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By Hilary White

Euthanasia is a solution for terminally ill poor people who cannot afford palliative care and who do not want to “see their families agonize” over their suffering, Lithuania’s health minister said last week.

In an interview on national television, Minister Rimantė Šalaševičiūtė added that the Belgian law on child euthanasia ought to be “taken into account” as well. 

Šalaševičiūtė told TV3 News that Lithuania, a country whose population is 77 percent Catholic, is not a welfare state and cannot guarantee quality palliative care for all those in need of it. The solution, therefore, would be “lethal injection.”

“It is time to think through euthanasia in these patients and allow them to make a decision: to live or die,” she said.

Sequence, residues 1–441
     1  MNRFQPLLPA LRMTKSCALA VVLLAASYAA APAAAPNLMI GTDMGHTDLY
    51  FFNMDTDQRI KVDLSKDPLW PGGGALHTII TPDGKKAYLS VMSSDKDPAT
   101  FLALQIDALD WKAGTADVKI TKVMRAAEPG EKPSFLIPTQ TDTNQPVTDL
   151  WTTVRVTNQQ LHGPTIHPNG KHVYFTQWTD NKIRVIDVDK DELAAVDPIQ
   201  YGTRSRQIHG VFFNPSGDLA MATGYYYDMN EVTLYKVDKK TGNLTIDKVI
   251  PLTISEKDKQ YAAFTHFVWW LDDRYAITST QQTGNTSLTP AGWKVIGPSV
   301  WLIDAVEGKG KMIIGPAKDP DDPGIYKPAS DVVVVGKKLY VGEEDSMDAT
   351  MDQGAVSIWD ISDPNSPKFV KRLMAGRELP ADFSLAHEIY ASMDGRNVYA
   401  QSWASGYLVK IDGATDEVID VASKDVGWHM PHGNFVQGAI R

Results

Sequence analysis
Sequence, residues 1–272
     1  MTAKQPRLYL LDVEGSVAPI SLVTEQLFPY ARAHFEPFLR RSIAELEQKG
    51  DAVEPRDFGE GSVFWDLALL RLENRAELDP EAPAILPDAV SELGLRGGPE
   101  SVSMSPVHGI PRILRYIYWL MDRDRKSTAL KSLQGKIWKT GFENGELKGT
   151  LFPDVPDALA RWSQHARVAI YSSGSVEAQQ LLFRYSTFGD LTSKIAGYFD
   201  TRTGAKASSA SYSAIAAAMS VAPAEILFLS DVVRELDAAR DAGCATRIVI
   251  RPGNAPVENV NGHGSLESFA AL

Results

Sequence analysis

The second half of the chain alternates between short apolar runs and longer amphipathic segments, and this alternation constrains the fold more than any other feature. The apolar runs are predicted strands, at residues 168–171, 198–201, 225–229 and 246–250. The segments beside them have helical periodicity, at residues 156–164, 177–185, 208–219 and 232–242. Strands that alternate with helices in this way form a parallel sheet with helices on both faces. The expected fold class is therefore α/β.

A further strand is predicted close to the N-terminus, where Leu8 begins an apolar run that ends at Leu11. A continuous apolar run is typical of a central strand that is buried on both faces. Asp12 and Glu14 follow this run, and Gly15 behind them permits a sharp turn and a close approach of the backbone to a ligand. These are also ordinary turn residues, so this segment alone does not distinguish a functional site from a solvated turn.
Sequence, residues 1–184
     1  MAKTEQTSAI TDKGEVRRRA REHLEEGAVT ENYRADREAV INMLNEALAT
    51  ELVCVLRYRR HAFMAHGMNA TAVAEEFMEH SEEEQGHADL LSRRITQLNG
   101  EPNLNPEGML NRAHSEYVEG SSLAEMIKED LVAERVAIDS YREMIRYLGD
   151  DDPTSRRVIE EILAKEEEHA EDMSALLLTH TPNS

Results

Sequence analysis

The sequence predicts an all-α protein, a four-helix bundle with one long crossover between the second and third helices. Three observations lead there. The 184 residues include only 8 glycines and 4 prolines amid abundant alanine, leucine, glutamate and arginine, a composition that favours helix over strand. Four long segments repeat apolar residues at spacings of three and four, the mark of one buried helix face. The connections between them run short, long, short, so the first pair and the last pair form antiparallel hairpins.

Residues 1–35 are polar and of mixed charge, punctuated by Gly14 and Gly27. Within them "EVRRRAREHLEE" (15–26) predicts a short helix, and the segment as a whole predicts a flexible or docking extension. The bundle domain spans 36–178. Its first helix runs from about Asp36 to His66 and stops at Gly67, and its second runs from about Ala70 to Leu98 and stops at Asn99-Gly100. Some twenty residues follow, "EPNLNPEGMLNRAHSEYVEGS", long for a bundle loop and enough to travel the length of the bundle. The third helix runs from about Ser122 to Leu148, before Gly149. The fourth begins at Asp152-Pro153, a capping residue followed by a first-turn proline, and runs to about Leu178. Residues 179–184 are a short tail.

Direct euthanasia remains illegal in the Balkan state, but activists tried to bring it to the table in 2012. A motion to drop the planned bill was passed in the Parliament in March that year in a vote of 75 to 14. Since then the country has undergone a change in government in which the far-left Social Democrats have formed the largest voting bloc.

Šalaševičiūtė is a member of Parliament for the Social Democrats, the party originally established in the late 19th century – re-formed in the late 1980s – from Marxist principles and now affiliated with the international Party of European Socialists and Socialist International.